Defense may win championships…

… but it doesn’t appear to be a key to Georgia beating Tennessee.

I guess after all this time, now I know what Todd Grantham meant when he said this.

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Filed under Because Nothing Sucks Like A Big Orange, Georgia Football

View from the other side

Booch drops a hint, hint.

Just like he’s earning, eh?


Filed under Because Nothing Sucks Like A Big Orange, Georgia Football

“If every instinct you have…”

I know what D.J. Shockley’s getting at with his advice for Greyson Lambert this week, but I can’t help but cringe inwardly a little at his use of the “I” word.

… There were times Lambert did not trust what he saw, nor did he deliver the football with confidence like we saw against South Carolina. In 2005, we played at Tennessee and I remember a key moment in the game where I had just thrown an interception that was run back to the 1-yard line. The very next offensive play when we got the ball back Coach Richt called a deep post route and I hit it for a big play. That was the confidence I needed going forward. Bottom line, there was no time to sulk about the INT. I had to pick myself back up and play ball for my team with a loud stadium going crazy. For quarterbacks, instincts are everything, along with believing every time the football leaves your hand. Never second guess your decision. Against Tennessee, I expect Schotty to call high-percentage throws such as slants, hitches and screens. Lambert needs to play with poise, confidence and the belief he can make the plays when the time calls for it.

Um… Lambert trusting his instincts is kinda what got him into the mess in the first place, isn’t it?

Perhaps instead he should call upon the well-known quarterbacks coach George Costanza for some direction.


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Good news and bad news

This is a good explanation for why Georgia wasn’t able to mount much of a pass rush against Coker.

Alabama only passed the ball 16 times in the rainy conditions, but Jake Coker completed 11 of those passes for 190 yards and a touchdown.

“We made a couple of big plays in the passing game, explosive plays,” Crimson Tide coach Nick Saban said. “Most of them were maximum protection, not a lot of dropbacks. I think we had like four dropback passes in the whole game. That was kind of the plan because we had a lot of respect for their pass rush.”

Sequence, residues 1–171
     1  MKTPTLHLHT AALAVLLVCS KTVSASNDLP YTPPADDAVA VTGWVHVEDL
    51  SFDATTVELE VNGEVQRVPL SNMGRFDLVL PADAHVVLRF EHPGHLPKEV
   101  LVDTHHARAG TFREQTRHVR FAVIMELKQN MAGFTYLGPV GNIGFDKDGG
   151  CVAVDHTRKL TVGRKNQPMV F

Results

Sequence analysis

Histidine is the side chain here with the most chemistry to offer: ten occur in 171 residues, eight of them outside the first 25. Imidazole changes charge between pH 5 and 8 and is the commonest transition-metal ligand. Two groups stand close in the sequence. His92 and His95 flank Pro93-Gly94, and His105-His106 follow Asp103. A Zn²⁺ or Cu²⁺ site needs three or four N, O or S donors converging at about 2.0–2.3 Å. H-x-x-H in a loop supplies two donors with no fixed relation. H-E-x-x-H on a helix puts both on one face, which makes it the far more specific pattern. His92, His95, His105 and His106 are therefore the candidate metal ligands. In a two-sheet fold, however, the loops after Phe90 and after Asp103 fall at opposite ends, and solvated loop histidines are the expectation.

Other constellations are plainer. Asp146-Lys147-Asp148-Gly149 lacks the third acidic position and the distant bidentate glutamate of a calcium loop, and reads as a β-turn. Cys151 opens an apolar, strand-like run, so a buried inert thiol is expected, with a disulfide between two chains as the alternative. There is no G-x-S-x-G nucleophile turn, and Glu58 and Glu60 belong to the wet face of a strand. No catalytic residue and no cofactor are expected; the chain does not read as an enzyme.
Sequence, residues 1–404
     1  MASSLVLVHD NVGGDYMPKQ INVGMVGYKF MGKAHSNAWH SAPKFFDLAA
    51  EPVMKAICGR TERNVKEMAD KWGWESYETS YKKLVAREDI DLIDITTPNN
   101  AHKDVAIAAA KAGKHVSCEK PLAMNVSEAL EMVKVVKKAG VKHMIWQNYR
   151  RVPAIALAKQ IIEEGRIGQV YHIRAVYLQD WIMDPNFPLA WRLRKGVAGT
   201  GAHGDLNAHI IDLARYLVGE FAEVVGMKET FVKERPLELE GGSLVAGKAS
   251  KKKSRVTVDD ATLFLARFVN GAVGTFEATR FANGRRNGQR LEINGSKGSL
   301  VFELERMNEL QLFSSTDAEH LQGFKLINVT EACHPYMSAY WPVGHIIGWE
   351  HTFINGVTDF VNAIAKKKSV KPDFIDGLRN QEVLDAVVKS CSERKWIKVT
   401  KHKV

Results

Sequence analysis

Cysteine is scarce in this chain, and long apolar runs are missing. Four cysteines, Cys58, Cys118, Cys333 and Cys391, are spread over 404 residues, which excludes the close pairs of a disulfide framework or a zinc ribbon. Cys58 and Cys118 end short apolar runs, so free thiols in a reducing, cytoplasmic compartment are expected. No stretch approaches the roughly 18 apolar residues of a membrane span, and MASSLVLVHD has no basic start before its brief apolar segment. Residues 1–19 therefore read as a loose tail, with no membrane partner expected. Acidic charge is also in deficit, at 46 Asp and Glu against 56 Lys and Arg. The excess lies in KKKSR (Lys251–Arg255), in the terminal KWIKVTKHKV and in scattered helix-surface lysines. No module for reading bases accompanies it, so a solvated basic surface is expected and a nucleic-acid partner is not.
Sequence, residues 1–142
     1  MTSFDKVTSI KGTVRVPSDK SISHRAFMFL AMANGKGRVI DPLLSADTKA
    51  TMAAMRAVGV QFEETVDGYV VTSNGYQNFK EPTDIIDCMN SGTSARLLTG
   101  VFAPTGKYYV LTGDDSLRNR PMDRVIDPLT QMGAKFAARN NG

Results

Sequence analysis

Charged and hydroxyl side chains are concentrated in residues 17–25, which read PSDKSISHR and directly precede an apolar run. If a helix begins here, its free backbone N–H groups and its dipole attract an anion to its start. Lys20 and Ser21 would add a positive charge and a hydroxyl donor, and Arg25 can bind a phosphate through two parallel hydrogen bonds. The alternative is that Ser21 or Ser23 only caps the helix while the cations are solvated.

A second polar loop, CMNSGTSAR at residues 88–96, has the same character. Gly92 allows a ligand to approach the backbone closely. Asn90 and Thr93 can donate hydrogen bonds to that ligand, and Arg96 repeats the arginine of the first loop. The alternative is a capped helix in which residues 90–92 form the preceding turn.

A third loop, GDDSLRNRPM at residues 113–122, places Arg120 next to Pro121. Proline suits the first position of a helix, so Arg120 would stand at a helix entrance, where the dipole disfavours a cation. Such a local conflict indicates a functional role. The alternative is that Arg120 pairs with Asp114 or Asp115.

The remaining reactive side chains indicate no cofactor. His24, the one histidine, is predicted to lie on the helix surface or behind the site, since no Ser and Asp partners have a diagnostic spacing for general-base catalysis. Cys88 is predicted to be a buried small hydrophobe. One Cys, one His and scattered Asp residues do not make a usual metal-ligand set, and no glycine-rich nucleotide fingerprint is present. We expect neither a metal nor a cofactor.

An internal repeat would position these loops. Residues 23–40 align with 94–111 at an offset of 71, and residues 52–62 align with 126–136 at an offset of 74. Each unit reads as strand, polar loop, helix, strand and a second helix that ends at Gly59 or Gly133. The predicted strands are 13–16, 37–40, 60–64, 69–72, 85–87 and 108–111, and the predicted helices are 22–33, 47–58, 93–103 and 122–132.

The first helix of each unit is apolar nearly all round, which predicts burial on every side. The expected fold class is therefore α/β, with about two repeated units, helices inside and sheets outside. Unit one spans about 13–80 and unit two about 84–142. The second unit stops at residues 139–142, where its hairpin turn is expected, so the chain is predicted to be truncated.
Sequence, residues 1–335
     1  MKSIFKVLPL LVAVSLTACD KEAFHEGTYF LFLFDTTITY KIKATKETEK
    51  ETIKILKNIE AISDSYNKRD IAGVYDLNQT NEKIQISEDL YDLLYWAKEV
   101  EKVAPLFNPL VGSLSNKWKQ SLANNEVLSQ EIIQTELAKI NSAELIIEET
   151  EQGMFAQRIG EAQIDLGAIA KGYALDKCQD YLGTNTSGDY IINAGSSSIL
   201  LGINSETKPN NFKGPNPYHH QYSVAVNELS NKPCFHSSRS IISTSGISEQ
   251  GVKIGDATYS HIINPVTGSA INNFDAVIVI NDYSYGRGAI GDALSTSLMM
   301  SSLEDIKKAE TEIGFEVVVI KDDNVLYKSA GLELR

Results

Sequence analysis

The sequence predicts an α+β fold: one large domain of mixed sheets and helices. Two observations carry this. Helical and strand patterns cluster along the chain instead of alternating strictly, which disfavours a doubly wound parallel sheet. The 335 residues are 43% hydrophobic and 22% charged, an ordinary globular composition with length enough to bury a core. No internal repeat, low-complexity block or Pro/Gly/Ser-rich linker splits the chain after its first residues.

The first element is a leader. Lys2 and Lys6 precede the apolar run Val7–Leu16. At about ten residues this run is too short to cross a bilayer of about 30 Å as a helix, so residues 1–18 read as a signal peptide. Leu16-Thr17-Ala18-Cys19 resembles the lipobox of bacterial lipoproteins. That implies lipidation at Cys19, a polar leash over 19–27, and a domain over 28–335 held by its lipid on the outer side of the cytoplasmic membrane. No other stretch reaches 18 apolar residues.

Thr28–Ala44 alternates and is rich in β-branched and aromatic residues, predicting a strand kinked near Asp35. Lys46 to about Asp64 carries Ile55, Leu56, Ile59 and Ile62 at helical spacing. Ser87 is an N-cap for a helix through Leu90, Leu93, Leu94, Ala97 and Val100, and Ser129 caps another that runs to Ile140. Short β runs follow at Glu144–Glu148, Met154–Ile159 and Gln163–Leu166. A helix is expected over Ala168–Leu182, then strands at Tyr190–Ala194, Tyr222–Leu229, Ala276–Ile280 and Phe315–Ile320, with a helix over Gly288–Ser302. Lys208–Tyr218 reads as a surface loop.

Unfortunately, that makes the secondary’s inability to cover the few receivers sent out into coverage look worse.

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“It was just one of those plays that was meant to be.”

Great, great piece from Mark Schlabach about Herschel introducing himself to the world in Knoxville 35 years ago.  Bill Bates describes that moment thusly:

Bill Bates: We started blitzing, because we didn’t think (Walker) would be able to pick them up. We had a blitz from one of the sides. He cut back to the left, and our coaches always told us to break down for a tackle. So I broke down.

I looked into Herschel’s eyes and realized he wasn’t going to make a move. The next thing I knew, I had footprints on my chest and turned around and saw No. 34 running into the end zone for a touchdown. It was a big deal and something I’ll always remember.

“I looked into Herschel’s eyes and realized he wasn’t going to make a move.”  Talk about your “oh, shit” moment.

Best one-sentence summary you’ll ever read:

Donnie McMickens: That was the end of my running back career.

By the way, Bates’ son is a reserve linebacker for the Vols this season.


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Georgia and defending running quarterbacks

I don’t think this was said to make me feel any better about Saturday.  In any event, it doesn’t.

But it’s Dobbs who is the big wrinkle in the offense. As senior linebacker Jake Ganus pointed out, the only quarterback Georgia has played this season who can compare to Dobbs is South Carolina quarterback Lorenzo Nunez, who only played a fraction of Georgia’s matchup with the Gamecocks earlier in the season.

Because a defense has to account for the threat of him rushing as well as throwing the ball, it changes the dynamic of the way Georgia approaches its defensive gameplan.

It all comes back to that lesson of discipline that Jenkins learned three years ago.

“Any time you have a running quarterback, it makes everything a little tougher because you have to respect him in that aspect,” Ganus said. “Even in passes, you’ve got to be aware of where he’s at and if he’s outside of the pocket or not. We’ve just got to do a great of trying to keep him contained and just focusing, locking in on him.”

Nunez, in a blowout, still managed 10 rushes for 76 yards.

Dobbs showed his running skills against a very good Florida defense with this sweet move:

Add in a wet field Saturday, and, yeah, I’m a little nervous.


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So, how did we get here, anyway?

Seth Emerson takes a look at what went into 2015:  Georgia’s Year of the Quarterback.  I don’t think you’ll find anything there we haven’t hashed over already, but I was amused by one thing.

Through all this debate, and amid all this angst about Georgia’s quarterback situation, one keeps coming back to a few prophetic words uttered two years ago. They were spoken by Mike Bobo, who was referencing Aaron Murray.

“Personally I think he’s taken for granted,” Bobo said after another game in which Murray threw for more than 400 yards and three touchdowns, and ran for another. “Georgia needs to realize it’s a blessing to have Aaron Murray and how much he means.”

It’s pretty safe to say Georgia realizes it now.

Crap on ’em while they’re here and then yearn for the good ol’ days when they’re gone.  That’s us.  We’re Georgia.


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